I know. I know. Warren Buffett is not a market-timer, has no idea what the market will be doing this year, or next, or at any specific time in the future. Or so he says, and the media seems to accept it as fact.
So we probably shouldn't pay attention to what he is doing and saying now.
However, in spite of what he says, Buffett has a remarkable track record of accurately calling the serious market tops and bottoms.
That record began in 1956, when he launched Buffett Partnership Ltd., a limited partnership investment company, similar in make-up to the hedge funds of today. He managed that fund with major success, with performance that would have turned an investor's $10,000 in 1957 into $300,000 by 1969.
He then pulled off one of the most exquisite market-timing moves of all time.
After making those huge gains in the 1960s bull market, and while investors were still piling into the stock market with excitement, Buffett liquidated his partnership fund and returned the significantly elevated assets to his investors, telling them they'd probably be better off in government bonds for the next several years.
And indeed, the horrible 1970s decade began almost immediately, with the Dow losing 35% in the 1969-70 bear market.
Buffett stayed away from the stock market, in spite of the 1969-1973 bull market lifting the Dow back to its 1969 peak and somewhat higher. He settled for managing the businesses he had acquired control of, including textile mill Berkshire Hathaway (which he soon began expanding into the insurance industry).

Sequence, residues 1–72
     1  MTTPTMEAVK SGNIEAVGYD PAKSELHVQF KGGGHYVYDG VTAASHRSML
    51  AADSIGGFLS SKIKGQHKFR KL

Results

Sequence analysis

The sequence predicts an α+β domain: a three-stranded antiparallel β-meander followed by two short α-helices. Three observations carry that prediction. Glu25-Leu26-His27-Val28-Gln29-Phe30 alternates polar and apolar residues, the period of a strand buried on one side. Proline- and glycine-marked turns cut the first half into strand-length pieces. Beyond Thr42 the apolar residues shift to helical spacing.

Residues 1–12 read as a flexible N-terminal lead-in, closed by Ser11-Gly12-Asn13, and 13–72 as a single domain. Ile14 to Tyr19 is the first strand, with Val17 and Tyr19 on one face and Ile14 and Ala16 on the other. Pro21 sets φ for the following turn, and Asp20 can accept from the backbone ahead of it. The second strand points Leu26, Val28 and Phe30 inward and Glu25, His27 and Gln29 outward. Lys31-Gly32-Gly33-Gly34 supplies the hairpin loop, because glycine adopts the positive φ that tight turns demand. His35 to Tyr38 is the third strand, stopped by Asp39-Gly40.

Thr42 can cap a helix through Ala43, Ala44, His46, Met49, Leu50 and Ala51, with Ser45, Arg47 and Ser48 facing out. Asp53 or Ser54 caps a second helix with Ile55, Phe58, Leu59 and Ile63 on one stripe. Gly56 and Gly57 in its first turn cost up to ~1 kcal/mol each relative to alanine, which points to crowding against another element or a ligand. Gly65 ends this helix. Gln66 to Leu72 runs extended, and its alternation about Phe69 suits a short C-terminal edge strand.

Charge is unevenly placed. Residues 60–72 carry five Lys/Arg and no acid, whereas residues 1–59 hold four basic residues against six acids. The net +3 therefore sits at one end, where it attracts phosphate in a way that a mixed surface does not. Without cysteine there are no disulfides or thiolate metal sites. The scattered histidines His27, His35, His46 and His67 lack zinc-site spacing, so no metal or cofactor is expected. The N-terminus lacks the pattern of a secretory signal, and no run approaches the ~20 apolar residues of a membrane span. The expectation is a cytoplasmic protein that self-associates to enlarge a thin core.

And then, with another superb market-timing move, after the Dow had lost 45% of its value in the 1973-74 bear market, Buffett returned to the stock market.
In a famous 1974 interview in Forbes magazine, he said, "This is the time to start investing again." And he did so big-time, using Berkshire Hathaway as the holding company for his investments.
Were those two market moves the end of his market-timing history? Not at all.
Thanks to the powerful 1990s bull market, by 1999, Berkshire Hathaway had certainly become way too big to be able to liquidate if Buffett became bearish on the market.
But at what turned out to be the top of that spectacular 1990s bull market, in 1999 Buffett raised Berkshire's cash level to a huge $48 billion.
He didn't describe it as market-timing of course, simply saying "I just can't find anything I want to invest in right now."
At the same time, in September 1999, as reported in Fortune magazine, he said, "What I am about to say - assuming it's correct - will have implications for the long-term results to be realized by American stock-holders. . . . . Over the next 17 years, equities will not perform anything like - anything like - they have performed over the past 17 years. . . If I had to pick a probable annual return it would be 4% after inflation, and if 4% is wrong, I believe the percentage is as likely to be less as more."
Exquisite market timing?
The market almost immediately rolled over into the severe 2000-2002 bear market and the so-called "lost decade."
So should we be concerned that, according to the latest SEC filings of Berkshire Hathaway, Buffett has again raised and is sitting on $49 billion in cash? And in a recent interview said, "Stocks have moved a long way. They were very cheap five years ago. That's been corrected ... We're having a hard time finding things to buy."
Of course, once again holding $49 billion in cash is not due to "market-timing" but just because he's not able to find any stocks cheap enough to buy.
And maybe he's changed his mind from his 1999 prediction about market problems for 17 years. Besides as he says, he's not a market-timer and never has any idea what the market will do. Yeah.
He has my attention.